The financial assistance program to Egypt by the International Monetary Fund (IMF), approved in November 2016, has scored important achievements, even as it has presented Cairo with complicated economic and political challenges. Ongoing monitoring of the economic-political developments over the past year in Egypt, coupled with a close reading of the IMF’s first annual review of the program, show that Egypt still faces a difficult uphill journey. The regime’s challenge is twofold: it must draft a comprehensive, inclusive social contract that will gain public legitimacy for the difficult but necessary reforms; at the same time, the regime must convince the international arena that it is adhering to the outlines of the reforms agreed upon with the IMF.
The financial assistance program to Egypt by the International Monetary Fund (IMF), approved in November 2016, has scored important achievements, even as it has presented Cairo with complicated economic and political challenges. In September, the IMF published its First Review on the implementation of the program, commending Egypt for its professionalism and political courage in leading the economic reforms. However, notwithstanding the complimentary remarks, ongoing monitoring of the economic-political developments over the past year, coupled with a meticulous reading of the report, show that the program’s achievements are fragile and Egypt still faces a difficult uphill journey until it achieves economic and political stability.
Egypt’s application to the IMF was submitted against the backdrop of the rapid rise in the costs of financing the budget deficit and the dwindling of its international reserves that in October 2016 were sufficient to cover only about three months of imports. However, since the IMF is not inclined to extricate countries from distress unless they undertake structural reforms, Egypt was not given any discounts in this regard. According to the agreement, Egypt was granted a loan of $12 billion, to be granted in a number of payments over three years, contingent upon the implementation of defined reforms that will be examined in the IMF’s review reports. The immediate principal reforms that Egypt undertook to institute include the introduction of value-added tax (VAT); wage restraint in the public sector; a drastic cut in electricity and fuel subsidies; de-pegging of the Egyptian pound from the US dollar; and removal of most restrictions on foreign currency trading.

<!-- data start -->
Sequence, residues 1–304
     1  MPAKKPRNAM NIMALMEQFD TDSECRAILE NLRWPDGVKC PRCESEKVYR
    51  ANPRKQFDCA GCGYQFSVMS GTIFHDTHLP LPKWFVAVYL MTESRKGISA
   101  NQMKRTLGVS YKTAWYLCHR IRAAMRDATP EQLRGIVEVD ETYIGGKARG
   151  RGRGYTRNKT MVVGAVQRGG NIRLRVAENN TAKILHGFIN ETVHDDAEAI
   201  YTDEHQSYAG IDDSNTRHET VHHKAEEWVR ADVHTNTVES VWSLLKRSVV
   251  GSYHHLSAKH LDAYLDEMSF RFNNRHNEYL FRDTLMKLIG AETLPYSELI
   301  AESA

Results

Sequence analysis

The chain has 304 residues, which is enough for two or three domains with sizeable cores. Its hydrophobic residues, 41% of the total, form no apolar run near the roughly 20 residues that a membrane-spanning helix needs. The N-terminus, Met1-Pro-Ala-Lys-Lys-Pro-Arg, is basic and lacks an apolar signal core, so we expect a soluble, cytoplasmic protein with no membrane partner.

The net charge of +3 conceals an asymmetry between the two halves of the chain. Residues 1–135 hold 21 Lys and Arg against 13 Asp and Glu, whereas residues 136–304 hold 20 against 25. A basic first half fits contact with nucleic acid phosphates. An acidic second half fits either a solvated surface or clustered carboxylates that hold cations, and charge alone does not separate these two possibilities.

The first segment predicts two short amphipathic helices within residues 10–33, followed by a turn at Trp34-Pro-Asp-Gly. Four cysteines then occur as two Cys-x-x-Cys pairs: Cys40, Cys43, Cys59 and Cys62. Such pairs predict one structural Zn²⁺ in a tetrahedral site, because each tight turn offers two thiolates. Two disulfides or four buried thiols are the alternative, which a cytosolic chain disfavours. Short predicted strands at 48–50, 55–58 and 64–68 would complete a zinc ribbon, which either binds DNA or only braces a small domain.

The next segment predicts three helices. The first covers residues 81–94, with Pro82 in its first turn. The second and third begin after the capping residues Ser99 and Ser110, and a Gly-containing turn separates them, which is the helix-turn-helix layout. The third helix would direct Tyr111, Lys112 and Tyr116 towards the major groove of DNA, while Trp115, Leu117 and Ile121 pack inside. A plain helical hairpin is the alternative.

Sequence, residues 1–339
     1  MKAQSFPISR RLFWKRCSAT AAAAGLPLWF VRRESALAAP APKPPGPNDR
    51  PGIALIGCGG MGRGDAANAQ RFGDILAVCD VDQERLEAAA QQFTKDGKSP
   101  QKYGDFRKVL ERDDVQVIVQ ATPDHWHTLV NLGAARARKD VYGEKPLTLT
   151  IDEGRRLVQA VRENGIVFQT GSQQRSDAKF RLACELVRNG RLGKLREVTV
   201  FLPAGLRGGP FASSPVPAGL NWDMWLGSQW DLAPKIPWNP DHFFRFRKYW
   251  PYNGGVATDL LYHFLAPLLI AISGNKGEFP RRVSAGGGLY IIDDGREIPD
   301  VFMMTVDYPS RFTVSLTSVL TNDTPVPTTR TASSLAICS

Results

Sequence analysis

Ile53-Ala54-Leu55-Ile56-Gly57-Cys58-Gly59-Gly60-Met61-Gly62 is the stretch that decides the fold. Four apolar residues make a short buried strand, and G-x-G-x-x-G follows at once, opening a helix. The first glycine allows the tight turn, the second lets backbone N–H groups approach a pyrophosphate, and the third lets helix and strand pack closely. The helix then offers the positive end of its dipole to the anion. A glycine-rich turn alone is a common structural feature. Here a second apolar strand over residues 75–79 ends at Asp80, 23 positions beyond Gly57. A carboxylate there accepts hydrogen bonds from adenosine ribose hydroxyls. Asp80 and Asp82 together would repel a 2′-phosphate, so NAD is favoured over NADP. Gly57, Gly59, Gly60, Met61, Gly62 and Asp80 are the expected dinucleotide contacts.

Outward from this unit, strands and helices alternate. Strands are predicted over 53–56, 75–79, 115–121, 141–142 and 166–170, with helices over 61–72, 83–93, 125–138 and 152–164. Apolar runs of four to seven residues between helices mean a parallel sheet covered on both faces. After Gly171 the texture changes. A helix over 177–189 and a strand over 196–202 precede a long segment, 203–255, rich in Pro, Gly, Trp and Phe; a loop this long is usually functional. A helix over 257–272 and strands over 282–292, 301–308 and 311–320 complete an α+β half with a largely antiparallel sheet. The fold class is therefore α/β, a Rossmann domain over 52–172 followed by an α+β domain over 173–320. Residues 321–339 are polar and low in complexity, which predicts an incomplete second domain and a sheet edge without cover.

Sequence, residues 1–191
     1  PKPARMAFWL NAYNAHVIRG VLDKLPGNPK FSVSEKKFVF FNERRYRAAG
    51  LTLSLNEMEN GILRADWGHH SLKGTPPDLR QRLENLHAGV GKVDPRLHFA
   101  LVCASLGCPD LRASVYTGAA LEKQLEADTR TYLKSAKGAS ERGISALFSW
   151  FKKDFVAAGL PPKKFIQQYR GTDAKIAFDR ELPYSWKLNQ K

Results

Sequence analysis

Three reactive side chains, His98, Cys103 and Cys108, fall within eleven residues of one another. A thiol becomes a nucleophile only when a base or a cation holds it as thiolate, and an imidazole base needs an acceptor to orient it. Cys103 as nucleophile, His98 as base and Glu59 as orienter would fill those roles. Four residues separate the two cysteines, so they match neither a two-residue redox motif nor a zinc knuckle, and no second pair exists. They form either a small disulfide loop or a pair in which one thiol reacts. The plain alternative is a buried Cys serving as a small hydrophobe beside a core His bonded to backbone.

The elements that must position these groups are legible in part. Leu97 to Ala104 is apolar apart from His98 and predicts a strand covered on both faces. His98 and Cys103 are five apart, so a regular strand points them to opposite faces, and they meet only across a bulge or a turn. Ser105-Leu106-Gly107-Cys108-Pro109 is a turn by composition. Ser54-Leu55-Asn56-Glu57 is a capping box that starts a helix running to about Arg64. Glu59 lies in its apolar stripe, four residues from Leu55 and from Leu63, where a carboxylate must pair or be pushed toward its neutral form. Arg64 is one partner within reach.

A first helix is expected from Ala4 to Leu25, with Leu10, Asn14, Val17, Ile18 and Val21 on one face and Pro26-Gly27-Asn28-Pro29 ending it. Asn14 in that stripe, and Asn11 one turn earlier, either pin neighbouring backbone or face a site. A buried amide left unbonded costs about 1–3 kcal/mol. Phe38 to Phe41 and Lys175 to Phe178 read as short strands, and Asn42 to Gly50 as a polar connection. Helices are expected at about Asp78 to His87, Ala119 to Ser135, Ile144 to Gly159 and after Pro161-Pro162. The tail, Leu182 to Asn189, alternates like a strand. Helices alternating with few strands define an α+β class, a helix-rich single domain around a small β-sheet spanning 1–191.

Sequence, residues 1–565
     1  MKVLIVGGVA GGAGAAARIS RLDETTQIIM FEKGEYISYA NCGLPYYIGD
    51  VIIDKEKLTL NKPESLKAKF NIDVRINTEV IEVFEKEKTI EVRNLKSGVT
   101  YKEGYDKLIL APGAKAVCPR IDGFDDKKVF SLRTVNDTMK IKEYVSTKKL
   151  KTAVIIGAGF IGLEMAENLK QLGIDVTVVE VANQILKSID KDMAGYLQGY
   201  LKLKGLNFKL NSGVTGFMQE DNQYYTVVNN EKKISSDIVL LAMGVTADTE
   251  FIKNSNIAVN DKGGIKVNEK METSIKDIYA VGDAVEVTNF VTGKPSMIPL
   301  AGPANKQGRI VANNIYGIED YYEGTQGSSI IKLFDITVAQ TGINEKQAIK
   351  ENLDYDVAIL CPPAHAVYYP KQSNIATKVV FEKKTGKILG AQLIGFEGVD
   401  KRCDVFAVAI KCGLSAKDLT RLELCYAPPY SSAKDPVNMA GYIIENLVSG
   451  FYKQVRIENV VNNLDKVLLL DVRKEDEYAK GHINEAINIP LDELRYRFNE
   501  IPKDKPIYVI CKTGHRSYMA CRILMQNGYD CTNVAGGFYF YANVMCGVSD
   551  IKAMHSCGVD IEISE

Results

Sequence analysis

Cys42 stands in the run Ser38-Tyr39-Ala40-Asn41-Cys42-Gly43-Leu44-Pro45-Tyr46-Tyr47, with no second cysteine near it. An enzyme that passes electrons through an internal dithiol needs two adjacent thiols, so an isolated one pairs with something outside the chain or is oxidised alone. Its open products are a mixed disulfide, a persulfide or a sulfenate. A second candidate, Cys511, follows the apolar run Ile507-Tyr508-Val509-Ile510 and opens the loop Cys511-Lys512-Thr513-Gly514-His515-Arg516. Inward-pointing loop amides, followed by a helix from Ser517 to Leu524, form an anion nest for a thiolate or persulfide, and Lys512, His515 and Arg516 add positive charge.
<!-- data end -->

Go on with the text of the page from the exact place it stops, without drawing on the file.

The IMF’s First Review noted that Egypt indeed began implementing most of the defined reforms at a satisfactory pace. The high grades that it received enabled Egypt to draw $1.25 billion from the IMF, which along with the initial sum provided to Egypt when it launched the program, totals $4 billion. Egypt will soon be given access to an additional $2 billion, if it achieves the targets that will be examined in the IMF’s Second Review.
The agreement with the IMF and the reforms implemented over the past year improved Egypt’s external situation. First, the assistance from the IMF provided the Egyptian government with an immediate and essential source of foreign currency. Second, the IMF’s expressed confidence in Egypt helped it renew loan agreements with several additional institutions and enabled it to once again raise debt outside of the local market. Over the past year, Egypt succeeded in raising some $7 billion through the sale of bonds in international markets. The growing confidence in Egypt’s economy also contributed to a rise of about 6.5 percent in incoming direct foreign investments.
The liberalization of the foreign exchange regime has significantly contributed to the restored confidence of financial bodies in the Egyptian economy. Prior to the reform, the Egyptian pound was linked to the US dollar at an inflated rate of EGP 8.8/USD 1, which adversely affected the competitiveness of Egyptian exports and forced the central bank to lose foreign exchange reserves balances in order to sustain the exchange rate. De-pegging of the EGP from the USD caused a sharp devaluation of the EGP, and after a few months of volatile trading, the exchange rate stabilized at about EGP 18/USD 1. The devaluation of the EGP contributed to a rise of nearly 16 percent in goods exports and to a similar rise in tourism revenues.